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9th Dec 2018

Austria EU presidency seeks 'mandatory solidarity' on Dublin

  • The Austrian EU presidency will brief EU interior ministers on Dublin (Photo: PES)

The Austrian EU presidency will be pressing ahead with plans to make sure member states play their part in taking in asylum seekers.

Also known as "mandatory solidarity", the concept (and its variations) has so far eluded the past four EU presidencies in their efforts to gain some traction on reforming the so-called 'Dublin regulation' - a key EU-wide asylum law that determines who is required to process an asylum-seeker application.

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The European Commission's reform proposal includes plans to automatically distribute people in need of international protection across EU states - an anathema for Hungary, the Czech Republic, Poland and Slovakia.

An EU diplomat on Tuesday (9 October) told reporters in Brussels that the Austrian EU presidency is now aiming to get the EU states to agree on the principle of mandatory solidarity in the hopes of pushing ahead with Dublin reforms.

"A new Dublin regulation should have a new concept of solidarity. The only question not being able to be solved on that until now is how should this solidarity be designed," said the EU diplomat source.

The presidency over the summer held bilateral meetings with 27 other members states on Dublin and will now brief the outcome of those talks with member state interior ministers at a meeting in Luxembourg on Friday.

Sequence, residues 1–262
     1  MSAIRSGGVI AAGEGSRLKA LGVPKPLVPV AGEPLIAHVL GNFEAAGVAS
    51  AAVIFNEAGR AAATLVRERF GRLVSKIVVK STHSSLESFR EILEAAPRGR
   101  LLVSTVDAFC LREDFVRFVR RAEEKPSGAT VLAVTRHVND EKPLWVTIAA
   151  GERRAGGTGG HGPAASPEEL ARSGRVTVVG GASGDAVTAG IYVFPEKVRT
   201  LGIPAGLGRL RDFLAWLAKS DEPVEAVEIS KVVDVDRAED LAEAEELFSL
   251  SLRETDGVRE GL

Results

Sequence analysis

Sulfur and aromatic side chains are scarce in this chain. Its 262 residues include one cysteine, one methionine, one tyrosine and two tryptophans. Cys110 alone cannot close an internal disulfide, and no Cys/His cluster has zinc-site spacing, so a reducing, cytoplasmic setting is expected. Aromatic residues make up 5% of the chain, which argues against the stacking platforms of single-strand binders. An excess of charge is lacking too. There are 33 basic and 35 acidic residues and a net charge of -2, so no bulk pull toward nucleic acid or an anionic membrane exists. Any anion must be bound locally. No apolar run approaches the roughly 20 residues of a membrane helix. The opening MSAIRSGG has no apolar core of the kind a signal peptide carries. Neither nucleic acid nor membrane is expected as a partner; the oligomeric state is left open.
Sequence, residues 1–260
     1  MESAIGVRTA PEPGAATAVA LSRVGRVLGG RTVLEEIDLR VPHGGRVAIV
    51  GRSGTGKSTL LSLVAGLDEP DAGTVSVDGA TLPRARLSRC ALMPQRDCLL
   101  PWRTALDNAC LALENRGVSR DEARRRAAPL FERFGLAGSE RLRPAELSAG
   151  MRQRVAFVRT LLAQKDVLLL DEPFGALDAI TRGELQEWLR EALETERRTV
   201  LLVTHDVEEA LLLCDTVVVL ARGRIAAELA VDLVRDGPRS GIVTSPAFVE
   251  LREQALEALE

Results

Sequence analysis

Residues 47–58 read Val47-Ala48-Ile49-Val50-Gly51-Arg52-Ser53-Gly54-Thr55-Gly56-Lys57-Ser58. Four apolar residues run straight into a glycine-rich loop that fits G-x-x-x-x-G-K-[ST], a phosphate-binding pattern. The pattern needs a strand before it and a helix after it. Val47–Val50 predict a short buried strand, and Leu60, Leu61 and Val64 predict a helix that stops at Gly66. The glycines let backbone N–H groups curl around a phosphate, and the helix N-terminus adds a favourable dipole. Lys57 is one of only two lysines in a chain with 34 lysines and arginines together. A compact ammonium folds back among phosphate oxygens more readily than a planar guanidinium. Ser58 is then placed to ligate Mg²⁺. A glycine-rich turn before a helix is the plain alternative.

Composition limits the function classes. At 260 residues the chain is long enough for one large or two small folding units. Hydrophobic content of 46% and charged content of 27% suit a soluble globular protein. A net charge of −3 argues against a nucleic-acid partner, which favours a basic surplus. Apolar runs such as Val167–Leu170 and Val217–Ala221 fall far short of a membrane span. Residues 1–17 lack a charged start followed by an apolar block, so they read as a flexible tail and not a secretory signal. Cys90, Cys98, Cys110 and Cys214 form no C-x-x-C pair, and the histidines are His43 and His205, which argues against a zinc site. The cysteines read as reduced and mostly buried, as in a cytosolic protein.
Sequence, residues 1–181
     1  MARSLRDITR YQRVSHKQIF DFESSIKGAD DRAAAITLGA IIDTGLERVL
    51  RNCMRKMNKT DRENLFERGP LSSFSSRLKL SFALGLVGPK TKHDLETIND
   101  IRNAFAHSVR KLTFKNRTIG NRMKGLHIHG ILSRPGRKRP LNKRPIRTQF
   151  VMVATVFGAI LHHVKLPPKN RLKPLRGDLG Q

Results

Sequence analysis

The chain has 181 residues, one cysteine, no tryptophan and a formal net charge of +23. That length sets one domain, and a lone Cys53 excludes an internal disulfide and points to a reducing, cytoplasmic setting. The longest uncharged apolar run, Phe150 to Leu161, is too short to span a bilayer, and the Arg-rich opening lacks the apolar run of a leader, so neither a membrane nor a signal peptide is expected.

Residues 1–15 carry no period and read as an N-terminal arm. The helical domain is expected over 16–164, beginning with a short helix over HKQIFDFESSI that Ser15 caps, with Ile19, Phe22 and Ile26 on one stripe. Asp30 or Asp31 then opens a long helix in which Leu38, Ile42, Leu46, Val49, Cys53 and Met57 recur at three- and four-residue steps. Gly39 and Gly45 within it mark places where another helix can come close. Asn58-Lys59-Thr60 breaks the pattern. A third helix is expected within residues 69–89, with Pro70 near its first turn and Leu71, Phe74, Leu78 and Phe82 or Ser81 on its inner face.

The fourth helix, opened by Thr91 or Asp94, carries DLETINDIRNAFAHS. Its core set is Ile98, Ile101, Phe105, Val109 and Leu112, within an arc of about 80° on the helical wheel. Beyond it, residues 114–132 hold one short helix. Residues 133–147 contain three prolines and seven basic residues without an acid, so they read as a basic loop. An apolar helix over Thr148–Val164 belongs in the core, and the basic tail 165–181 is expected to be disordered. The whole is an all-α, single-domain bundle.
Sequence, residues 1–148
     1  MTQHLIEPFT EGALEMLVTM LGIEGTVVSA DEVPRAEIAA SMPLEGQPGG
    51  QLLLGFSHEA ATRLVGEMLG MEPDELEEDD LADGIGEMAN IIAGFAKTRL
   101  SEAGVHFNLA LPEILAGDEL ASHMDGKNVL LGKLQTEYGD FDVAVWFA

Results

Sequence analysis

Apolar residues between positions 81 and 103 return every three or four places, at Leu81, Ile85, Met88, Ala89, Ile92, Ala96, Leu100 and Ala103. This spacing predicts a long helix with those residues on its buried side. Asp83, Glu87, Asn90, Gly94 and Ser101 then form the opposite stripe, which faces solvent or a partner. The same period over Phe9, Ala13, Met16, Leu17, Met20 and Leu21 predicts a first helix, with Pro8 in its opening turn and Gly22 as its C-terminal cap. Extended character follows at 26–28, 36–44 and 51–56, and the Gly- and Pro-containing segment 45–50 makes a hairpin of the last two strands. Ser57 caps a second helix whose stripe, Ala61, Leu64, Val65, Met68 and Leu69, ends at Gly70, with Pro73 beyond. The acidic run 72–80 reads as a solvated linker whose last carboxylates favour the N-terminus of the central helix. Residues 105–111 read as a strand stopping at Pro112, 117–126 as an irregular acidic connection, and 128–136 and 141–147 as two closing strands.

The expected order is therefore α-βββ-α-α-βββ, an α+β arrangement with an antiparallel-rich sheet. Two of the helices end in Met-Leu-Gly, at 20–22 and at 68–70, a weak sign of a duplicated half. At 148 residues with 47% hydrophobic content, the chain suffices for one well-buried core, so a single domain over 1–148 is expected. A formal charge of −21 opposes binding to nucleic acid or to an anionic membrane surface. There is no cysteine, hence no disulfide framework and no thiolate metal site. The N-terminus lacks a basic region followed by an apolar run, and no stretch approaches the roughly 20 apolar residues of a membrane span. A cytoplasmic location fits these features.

No detailed definition

The Austrian presidency has not proposed any detailed scenarios of what "mandatory solidarity" means in practice, noting that it had been mandated in June to find a consensus on the concept.

But finding that consensus has so far been elusive.

Similar quotas sparked a political crisis when the EU in 2015 imposed a temporary migrant relocation scheme, which ended last September, in an effort to ease the asylum arrival pressure in Italy and Greece.

Hungary is instead pressing for an Australian model where people are offshored in prison-like conditions.

In August, Hungary's prime minister Viktor Orban and Italy's interior minister Matteo Salvini also announced an anti-migration front to stop people from reaching Europe.

The infighting among EU states stands in sharp contrast to the European Parliament, which secured its own position on Dublin last year.

"We in the parliament have a two-third majority and have gathered the five groups and altogether more than 220 political parties from the European Union. 28 ministers should come up with one common text," Cecilia Wikstrom, the Swedish liberal MEP who steered the file through the parliament, told an audience at an event organised by the European policy centre, earlier this year.

Dublin in numbers

In the first six months of this year, Germany carried out some 4,900 transfers, followed by Greece (2,743), Austria (1,403) and the Netherlands (1,080), according to a study by Brussels-based European Council on Refugees and Exiles (ECRE).

But those transfers are dwarfed by requests owing to the heavy administration that underpins the Dublin regulation. Germany, for instance, had issued over 30,000 requests but managed to only carry out only 4,900 transfers.

Minos Mouzourakis, senior asylum information database (AIDA) coordinator at the ECRE, in a statement, also pointed out that member states are not required to transfer asylum seekers to other countries.

"Dublin grants them discretion to take responsibility and process the asylum claim at any point," he said.

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A Friends of the Presidency group, set up by the Bulgarian EU presidency, has sifted through the European Commission's proposal to reform Dublin, an EU asylum law that has sparked widespread political tensions and divisions.

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